America’s British population has taken to the web to voice its displeasure at news that U.S. candy giant Hershey has successfully blocked our much loved U.K.-produced chocolate from being exported to the land of the free.
At the Golden Crown Panaderia in Albuquerque, New Mexico, traditional Thanksgiving turkey is for the birds. Instead of serving the usual US holiday poultry feast, this neighborhood bakery sells bread loaves in the size and shape of an oven-roasted turkey.
(Photo: William Gruner)
A favorite among Tofurkey-shunning vegetarians — and those who prefer their dinner rolls with a little more character — the turkey loaves look almost exactly like the real thing. Sticklers for detail, father-son owners Pratt and Chris Morales sprinkle herbs and spices on the golden-brown loaf, and even substitute darker whole wheat flour for the “dark meat” wings and legs. Those who like a little extra heat with dinner can order the turkey bread made with New Mexico green chilli dough. Each loaf ranges from $35 to $45, depending on the type of dough used.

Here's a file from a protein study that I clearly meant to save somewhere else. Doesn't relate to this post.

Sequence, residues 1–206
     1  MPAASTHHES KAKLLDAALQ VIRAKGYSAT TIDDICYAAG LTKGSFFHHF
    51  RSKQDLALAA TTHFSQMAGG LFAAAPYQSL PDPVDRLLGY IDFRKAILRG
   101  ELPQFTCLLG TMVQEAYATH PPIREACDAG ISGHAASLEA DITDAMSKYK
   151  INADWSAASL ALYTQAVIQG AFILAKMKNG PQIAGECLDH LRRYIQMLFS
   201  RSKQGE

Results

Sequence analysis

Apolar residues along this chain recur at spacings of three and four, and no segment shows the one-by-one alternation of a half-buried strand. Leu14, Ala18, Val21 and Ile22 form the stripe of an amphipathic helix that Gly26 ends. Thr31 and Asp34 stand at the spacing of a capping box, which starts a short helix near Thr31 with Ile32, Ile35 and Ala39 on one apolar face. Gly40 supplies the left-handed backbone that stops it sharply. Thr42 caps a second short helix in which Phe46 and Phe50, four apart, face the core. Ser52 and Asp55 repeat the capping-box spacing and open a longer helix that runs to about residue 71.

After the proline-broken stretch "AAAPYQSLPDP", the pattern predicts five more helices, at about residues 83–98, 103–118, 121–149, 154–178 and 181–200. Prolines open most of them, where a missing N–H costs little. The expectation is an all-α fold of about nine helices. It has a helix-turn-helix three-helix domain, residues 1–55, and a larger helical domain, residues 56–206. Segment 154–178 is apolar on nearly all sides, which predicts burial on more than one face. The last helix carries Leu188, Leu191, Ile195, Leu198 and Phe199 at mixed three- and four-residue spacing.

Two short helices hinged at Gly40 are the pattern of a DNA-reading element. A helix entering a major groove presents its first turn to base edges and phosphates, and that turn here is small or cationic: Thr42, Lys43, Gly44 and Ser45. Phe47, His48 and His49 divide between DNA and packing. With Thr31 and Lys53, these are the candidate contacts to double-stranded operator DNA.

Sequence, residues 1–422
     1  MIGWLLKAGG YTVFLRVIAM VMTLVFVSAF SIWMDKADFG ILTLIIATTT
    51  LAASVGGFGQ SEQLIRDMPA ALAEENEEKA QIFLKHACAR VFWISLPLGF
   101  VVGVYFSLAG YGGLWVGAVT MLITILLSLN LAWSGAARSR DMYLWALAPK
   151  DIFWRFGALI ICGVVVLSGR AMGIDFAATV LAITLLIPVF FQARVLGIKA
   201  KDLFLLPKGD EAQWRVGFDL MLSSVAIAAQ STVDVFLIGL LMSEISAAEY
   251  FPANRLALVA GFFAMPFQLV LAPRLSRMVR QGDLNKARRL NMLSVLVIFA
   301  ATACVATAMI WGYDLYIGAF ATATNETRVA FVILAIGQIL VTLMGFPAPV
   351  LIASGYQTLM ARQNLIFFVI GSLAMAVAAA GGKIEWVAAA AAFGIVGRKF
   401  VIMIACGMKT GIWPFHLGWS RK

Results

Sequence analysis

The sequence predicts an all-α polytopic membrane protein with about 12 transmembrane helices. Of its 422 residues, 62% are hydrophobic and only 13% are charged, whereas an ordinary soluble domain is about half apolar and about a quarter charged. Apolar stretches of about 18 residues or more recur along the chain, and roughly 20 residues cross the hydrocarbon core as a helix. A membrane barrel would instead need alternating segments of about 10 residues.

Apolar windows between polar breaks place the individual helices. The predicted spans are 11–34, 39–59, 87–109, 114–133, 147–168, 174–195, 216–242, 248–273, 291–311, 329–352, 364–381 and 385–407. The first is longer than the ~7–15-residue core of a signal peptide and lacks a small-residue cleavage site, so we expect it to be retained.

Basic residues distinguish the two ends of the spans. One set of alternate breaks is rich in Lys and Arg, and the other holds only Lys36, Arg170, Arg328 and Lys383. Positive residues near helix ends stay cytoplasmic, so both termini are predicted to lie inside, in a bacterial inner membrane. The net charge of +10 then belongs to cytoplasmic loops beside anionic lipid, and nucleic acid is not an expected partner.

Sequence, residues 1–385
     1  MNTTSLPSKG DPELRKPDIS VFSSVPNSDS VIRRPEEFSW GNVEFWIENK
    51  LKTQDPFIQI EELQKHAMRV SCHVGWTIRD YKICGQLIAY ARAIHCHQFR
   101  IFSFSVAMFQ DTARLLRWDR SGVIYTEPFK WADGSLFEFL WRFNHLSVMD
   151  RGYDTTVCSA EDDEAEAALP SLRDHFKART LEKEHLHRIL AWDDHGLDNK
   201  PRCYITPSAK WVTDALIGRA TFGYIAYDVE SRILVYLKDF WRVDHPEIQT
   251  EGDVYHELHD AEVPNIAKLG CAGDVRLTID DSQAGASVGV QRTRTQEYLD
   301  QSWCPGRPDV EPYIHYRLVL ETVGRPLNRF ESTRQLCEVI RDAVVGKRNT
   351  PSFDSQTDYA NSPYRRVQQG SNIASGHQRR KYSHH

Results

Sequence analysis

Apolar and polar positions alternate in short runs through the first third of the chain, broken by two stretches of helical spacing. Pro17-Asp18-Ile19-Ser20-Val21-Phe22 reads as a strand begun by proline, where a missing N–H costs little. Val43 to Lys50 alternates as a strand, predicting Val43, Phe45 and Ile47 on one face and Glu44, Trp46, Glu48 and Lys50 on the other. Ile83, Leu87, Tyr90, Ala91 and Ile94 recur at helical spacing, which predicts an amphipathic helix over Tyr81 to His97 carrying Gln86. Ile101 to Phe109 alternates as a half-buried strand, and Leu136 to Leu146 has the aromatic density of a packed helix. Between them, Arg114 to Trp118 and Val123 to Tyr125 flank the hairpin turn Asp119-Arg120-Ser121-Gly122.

The Morales family has been baking up the turkey alternative since the late 1970s and makes hundreds each season. This year, they already have 245 loaves on order. While the turkey bread has been a best-seller, former accountant Pratt Morales has also molded castles, cacti and famous faces out of the humble peasant dough, and hopes to one day open a bread sculpture museum.
Holiday revelers can round out their Thanksgiving meal with New Mexico’s buttery state cookie, the anise- and cinnamon-flavored biscochitos, and a glass of cold-brew iced coffee served on tap, one of Chris Morales’ pet projects. Once the Thanksgiving leftovers are long gone, order up a pizza baked on blue corn or green chile crust and topped with fresh vegetables grown in the bakery’s own hydroponic garden.